Men with COVID-19 much more likely to need intensive care and die

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In a new study, researchers found that men with COVID-19 are three times more likely to require intensive care than women and are at a much higher risk of dying from the disease.

The research was conducted by a team at Cape Town University.

In the study, the team analyzed over three million confirmed coronavirus cases from 46 countries and 44 states in the US.

They found that the risk of COVID-19 infection was the same for women and men.

But men are almost three times more likely than women to be hospitalized in an intensive care unit and are 39% more likely to die from the virus.

These findings may help doctors to recognize that sex is a risk factor for severe disease when managing patients.

According to the team, sex differences in both the innate and adaptive immune systems have been previously reported and may account for the female advantage in COVID-19.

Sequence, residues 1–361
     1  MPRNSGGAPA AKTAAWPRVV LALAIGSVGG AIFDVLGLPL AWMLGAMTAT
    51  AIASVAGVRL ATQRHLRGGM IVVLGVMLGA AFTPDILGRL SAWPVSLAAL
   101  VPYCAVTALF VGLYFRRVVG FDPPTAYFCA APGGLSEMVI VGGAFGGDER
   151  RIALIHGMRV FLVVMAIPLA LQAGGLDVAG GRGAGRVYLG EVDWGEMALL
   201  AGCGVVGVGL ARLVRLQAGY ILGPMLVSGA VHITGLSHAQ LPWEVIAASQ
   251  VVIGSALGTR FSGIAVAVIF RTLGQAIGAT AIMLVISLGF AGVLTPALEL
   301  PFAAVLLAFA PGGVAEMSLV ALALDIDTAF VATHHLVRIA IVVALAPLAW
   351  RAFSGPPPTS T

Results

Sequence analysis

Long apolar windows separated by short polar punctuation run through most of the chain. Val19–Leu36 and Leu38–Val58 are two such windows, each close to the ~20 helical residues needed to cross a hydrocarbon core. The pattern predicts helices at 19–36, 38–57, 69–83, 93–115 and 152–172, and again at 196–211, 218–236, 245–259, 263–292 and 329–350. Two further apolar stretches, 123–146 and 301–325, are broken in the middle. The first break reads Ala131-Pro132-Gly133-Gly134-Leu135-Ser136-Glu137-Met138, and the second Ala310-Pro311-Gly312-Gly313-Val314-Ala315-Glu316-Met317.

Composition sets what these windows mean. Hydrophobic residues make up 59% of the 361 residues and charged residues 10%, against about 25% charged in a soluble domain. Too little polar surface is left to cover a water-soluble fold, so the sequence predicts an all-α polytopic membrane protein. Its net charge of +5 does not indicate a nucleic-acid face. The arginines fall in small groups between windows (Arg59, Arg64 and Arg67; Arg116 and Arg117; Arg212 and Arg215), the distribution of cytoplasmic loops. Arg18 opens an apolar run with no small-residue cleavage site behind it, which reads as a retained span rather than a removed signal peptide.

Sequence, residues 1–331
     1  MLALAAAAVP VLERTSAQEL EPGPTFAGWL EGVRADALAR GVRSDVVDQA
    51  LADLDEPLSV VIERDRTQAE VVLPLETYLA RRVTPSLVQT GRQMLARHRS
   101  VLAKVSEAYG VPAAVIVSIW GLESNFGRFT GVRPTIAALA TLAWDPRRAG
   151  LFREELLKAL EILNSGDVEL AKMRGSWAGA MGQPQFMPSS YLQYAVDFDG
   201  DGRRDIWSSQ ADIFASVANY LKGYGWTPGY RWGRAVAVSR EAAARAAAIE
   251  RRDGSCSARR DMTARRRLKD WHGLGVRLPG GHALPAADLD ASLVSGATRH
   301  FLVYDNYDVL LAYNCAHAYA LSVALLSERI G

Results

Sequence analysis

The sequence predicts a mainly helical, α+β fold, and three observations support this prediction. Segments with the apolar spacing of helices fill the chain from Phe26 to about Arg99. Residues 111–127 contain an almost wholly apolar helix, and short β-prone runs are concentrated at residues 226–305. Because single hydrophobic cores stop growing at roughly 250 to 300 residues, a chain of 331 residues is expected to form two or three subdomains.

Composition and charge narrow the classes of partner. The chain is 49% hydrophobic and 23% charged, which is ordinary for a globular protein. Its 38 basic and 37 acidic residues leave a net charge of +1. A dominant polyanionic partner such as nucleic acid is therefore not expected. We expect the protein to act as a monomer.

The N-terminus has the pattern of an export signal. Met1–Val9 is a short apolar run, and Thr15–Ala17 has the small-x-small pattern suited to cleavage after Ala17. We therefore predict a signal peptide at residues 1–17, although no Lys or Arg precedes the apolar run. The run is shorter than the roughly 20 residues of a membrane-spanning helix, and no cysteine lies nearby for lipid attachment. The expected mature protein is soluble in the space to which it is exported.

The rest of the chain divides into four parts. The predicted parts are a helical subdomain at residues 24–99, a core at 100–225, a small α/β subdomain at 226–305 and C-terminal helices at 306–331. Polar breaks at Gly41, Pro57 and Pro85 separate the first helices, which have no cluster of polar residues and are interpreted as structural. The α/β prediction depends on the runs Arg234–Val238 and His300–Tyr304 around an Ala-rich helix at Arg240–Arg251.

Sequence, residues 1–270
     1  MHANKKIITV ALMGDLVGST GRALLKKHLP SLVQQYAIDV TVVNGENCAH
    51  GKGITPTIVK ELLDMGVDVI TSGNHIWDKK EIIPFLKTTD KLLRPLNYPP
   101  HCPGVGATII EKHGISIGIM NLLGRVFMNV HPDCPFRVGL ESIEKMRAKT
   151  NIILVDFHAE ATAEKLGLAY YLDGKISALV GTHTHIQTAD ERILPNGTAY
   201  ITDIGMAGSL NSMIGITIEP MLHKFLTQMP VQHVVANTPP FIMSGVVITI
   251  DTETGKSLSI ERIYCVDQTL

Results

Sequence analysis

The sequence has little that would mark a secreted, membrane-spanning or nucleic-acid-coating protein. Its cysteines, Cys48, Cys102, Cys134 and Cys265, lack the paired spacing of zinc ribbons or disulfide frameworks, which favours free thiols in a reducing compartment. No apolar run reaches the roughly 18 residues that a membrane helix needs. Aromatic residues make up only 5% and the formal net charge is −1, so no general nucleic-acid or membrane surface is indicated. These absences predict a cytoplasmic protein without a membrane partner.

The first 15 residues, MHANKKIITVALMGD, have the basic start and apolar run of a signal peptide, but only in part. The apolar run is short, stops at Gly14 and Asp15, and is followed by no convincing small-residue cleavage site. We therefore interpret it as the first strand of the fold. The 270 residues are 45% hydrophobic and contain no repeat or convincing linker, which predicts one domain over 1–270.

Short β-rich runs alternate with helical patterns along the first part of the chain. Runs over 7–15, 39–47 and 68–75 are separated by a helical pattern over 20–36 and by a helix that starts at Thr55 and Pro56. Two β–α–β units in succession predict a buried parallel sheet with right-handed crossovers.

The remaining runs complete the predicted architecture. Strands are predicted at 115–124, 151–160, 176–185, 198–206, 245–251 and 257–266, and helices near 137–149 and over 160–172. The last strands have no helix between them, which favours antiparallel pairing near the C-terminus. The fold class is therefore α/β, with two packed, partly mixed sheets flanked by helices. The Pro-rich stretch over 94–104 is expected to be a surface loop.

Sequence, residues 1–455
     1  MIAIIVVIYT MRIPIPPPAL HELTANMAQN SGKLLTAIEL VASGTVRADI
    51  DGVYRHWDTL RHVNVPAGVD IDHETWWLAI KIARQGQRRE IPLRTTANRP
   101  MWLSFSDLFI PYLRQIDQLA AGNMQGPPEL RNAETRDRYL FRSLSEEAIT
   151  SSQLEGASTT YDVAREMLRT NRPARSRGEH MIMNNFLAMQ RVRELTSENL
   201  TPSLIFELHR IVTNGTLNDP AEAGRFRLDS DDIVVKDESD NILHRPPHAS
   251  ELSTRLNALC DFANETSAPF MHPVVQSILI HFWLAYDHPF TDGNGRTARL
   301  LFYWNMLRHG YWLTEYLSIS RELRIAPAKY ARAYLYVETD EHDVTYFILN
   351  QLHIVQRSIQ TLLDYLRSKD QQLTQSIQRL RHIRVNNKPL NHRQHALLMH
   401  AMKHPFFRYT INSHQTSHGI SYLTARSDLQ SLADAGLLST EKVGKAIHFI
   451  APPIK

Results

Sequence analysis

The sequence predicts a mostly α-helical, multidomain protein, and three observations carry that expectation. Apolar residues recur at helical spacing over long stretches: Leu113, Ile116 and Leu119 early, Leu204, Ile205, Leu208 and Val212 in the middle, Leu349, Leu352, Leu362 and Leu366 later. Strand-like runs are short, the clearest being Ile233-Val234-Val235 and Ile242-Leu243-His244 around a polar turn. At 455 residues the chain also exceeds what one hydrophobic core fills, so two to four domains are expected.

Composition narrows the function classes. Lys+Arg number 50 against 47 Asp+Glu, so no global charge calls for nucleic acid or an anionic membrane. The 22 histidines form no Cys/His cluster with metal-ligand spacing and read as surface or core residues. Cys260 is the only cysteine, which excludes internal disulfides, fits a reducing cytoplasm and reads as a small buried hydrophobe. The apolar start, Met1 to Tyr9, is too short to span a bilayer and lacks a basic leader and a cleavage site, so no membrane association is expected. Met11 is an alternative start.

Women naturally produce more type I interferon proteins that limit the abnormal immune response known as a cytokine storm, believed to play a role in provoking severe forms of COVID-19.

The female oestradiol hormone may also help women to fend off grave forms of the virus, as it boosts the response of T cells—which kill infected cells—and increases the production of antibodies.

In contrast, the male sex hormone testosterone suppresses the immune system.

Sex-based differences in co-morbidities linked to severe COVID-19 may put men at outsize risk, they wrote in the study, says the team.

Previous vaccines to other infections have shown differences in response between women and men.

One author of the study is Kate Webb.

The study is published in Nature Communications.

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